Phil Libin, the longtime CEO of the popular digital note-taking service Evernote, has joined General Catalyst Partners as its fourth general partner in Palo Alto, Ca.
Libin stepped down from his role at Evernote in July, after telling The Information that the company had been searching for a “professional CEO” for some time. He said then that he considered himself more of a “product person.”
Libin joined Evernote soon after the Redwood City, California, company’s founding in 2007. It has raised $290 million in venture capital since and was valued at $1 billion in 2012 when it raised a $70 million Series D round.
Evernote’s valuation has reportedly stagnated since. The company has also declined to disclose how many of its roughly 150 million registered members are active users, though it launched a campaign to convert more of them into paying customers in April. It was then that it rolled out a middle-tier pricing plan, Evernote Plus, that costs $2.99. (Its full-featured premium plan also ticked up nearly a dollar to $5.99 per month from $5.)
One senses that’s all behind Libin now. Though he speaks glowingly of Evernote and says that, until a couple of months ago, he never imagined that he would become a professional investor, he seems excited by what General Catalyst is providing him, which is largely the chance to help founders hatch and launch startups.
Indeed, it sounds a bit like Libin will be a permanent entrepreneur-in-residence — without the pressure of founding another company.
Certainly, he’s been doing the operator thing for some time. Before joining Evernote, Libin had founded two companies: an advertising and design startup called Engine 5 and CoreStreet, a maker of credential validation software for governments and commercial enterprises.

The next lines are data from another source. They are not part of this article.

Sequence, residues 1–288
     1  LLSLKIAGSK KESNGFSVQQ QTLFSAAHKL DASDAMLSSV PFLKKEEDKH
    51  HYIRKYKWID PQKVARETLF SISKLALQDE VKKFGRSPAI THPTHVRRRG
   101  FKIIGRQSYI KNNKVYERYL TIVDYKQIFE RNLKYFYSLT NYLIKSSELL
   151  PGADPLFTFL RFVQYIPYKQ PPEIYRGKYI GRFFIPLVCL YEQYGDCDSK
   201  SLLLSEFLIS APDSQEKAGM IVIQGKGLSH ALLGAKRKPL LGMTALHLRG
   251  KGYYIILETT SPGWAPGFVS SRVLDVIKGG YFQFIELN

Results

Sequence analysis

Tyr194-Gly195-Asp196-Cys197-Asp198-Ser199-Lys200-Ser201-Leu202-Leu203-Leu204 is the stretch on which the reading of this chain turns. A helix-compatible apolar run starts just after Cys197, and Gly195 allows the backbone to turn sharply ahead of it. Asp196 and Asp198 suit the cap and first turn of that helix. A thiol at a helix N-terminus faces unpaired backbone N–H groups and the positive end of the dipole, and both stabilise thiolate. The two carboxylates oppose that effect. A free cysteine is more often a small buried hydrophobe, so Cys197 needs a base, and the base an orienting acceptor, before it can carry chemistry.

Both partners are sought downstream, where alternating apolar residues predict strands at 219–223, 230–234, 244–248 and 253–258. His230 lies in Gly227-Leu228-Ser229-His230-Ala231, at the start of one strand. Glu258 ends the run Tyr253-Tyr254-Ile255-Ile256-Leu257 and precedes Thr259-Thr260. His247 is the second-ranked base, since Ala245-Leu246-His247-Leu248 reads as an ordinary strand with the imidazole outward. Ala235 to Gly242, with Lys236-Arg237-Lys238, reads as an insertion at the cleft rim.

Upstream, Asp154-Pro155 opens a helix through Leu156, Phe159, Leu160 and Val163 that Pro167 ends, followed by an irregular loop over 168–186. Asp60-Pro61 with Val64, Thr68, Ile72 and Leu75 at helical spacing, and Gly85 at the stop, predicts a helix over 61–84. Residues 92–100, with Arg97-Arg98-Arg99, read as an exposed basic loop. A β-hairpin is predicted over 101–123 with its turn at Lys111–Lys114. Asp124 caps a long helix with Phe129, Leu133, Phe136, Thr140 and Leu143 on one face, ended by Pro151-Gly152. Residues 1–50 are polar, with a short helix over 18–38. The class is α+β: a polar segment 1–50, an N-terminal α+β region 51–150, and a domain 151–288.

He says it was at CoreStreet in Boston that he first became acquainted with General Catalyst, which has offices in Cambridge, Ma., and in New York, and just planted a flag in the Bay Area in late 2010.
Libin says that in more recent years, he has twice invested in seed-stage companies that General Catalyst went on to back, including the payroll startup ZenPayroll. (The other startup is either kaput or operating in stealth, as neither Libin nor General Catalyst identified it.)
Libin hasn’t been as active an angel investor as many Silicon Valley CEOs. For example, he says that of the roughly six startups he has backed, one includes the customer data platform TellApart, cofounded by his brother. “I won’t pretend I had any special insights into [the company’s technology],” he laughs of the now six-year-old company.
Another of Libin’s bets: Binary Thumb, a two-year-old, Seattle-based company that has developed a spreadsheet application for the iPad and iPhone.
If there is a theme to his investments, says Libin, what they share is the founders’ obsession with, and mastery of, whatever problems their companies are starting to solve. “I become infatuated with them,” says Libin of how he decides to back a founder.
“Hopefully,” he adds, “I’ll learn to be more disciplined now that it’s my job.”
General Catalyst did not invest in Evernote, but it has been making its mark on Silicon Valley since setting up shop here. Among its many high-profile, West Coast bets is Snapchat, Stripe, Airbnb, NatureBox, ZenPayroll, and the Honest Company.